You Called Me What?

I can remember clearly, the first time the offensive term, “lezzie” was hurled at me. The word slapped me across the face and left me speechless. Just 16 years old, growing up in a tiny, rural, northern Michigan town, I had never encountered that unattractive word, much less an actual “lezzie.” The ironic part of the whole experience was that without even understanding the actual definition of the word, it had been used to “out” me before I had even presumed such a possibility myself.
It was a chilly spring morning and our high school softball team had made it to the conference play-offs. I could be found out on the pitcher’s mound, chucking the deadliest fastball in the league. Feeling like an all-star in the World Series that day, I stood there and soaked up the entire experience; every crack of a bat, the cheers of the crowd along with their ooohs and ahhhhs which followed every single pitch. The camaraderie and intense bond with my teammates made the day even more remarkable. These were extraordinary memories in the making; I knew it…we all knew it.
That particular morning, we were ahead 3 to 1 and even though my arm was tired from the continuous barrage of fastballs I had tossed across the plate, the adrenaline of the crowd kept the strikes coming. Finally, we took the field for the final inning, ready to finish them off and take home the championship trophy; and then it happened.
Mentally preparing for the first throw of the inning, my concentration was focused on the batter and my catcher’s glove behind home plate. I began my wind-up, when suddenly the silence of the moment was shattered by a loud voice which screamed “LEZZIE”! I was dumbfounded as I let go of the ball and it sailed out of control, over the batter and into the fence behind the Umpire as he announced “Ball one!” Everything seemed to stop at that moment. My eyes jerked to the bleachers, searching for the obnoxious idiot who had dared to call me such a ridiculous name and then I saw him, standing there, on the top row wearing a backwards baseball cap and sunglasses. He wobbled, obviously a bit intoxicated despite the early hour, with his hands clasped in front of his mouth creating a mini megaphone and I stood there in embarrassment and horror as he screamed the ugly word yet again. All eyes turned first to him and then to me, while the opposing teams dugout shook with laughter. My cheeks flushed while my arms and legs turned to jelly and I thought I might melt into a puddle of embarrassment right there on the infield.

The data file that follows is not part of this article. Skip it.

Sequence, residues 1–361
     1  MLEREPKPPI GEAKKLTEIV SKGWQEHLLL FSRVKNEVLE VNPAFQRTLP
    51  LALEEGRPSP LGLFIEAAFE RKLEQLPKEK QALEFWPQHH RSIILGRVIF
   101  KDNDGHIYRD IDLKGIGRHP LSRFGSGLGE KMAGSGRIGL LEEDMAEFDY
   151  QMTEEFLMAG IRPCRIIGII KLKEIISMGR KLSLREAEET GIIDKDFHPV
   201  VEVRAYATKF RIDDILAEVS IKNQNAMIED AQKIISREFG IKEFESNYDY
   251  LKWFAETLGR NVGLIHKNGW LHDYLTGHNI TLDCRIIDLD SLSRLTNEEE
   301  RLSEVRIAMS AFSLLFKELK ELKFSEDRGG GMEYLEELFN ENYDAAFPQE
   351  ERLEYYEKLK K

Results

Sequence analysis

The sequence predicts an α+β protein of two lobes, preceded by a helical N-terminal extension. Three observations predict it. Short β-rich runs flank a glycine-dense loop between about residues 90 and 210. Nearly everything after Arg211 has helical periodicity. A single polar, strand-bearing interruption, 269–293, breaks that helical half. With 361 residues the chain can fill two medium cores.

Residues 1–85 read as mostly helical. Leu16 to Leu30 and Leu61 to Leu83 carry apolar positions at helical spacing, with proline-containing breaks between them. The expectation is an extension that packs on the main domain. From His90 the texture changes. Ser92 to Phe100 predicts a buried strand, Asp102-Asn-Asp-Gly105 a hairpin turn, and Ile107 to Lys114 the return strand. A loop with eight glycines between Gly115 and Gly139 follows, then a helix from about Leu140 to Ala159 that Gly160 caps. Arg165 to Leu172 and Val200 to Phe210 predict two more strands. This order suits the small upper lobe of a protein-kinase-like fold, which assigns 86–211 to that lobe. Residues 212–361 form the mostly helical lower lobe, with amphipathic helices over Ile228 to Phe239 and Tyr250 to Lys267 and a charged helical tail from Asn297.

Lezzie? What! My mind was reeling! I had been called a tomboy many times through the years but it never stung like this single word being tossed at me from a moron whom I had never even met. The truth is, I had actually enjoyed my rep. as a “tomboy” In my eyes the term meant strong, independent, and tough, not to mention, that I had spent much of my childhood, praying to magically wake up a boy one day. I played with firetrucks, toy guns and little green plastic army men that once belonged to my brothers. I refused to play with Barbie’s or baby dolls, and everyone who was important to me seemed ok with that.
However, this term, “lezzie” seemed derogatory and disgusting. The word sounded like a disease or a disorder and the evident shock on everyone’s face seemed to confirm this assumption. It was being used to break my stride and take away my confidence by an ignorant man who thought he was being funny. I for one was not laughing. The saddest part of this scenario was that it worked. The incident upset me so much that the coach pulled me out of the game after a walk and a few more wild pitches. Worse than all of that, is the reality that this incident is the one which remains locked in the forefront of my memory about that special day, almost 4 decades later, even though we won the game and took home the trophy.
I do have to give the jerk in the stands, who outed me that morning some credit. He was right about one thing. I certainly did turn out to be a lesbian and honestly whether anyone I meet likes it or not, I am ok with that. Just don’t call me a “lezzie” because that right “throwing” arm still packs quite a wallop and this dyke, right here has no problem calling out a “foul” when she sees one!
~Alana Marie~

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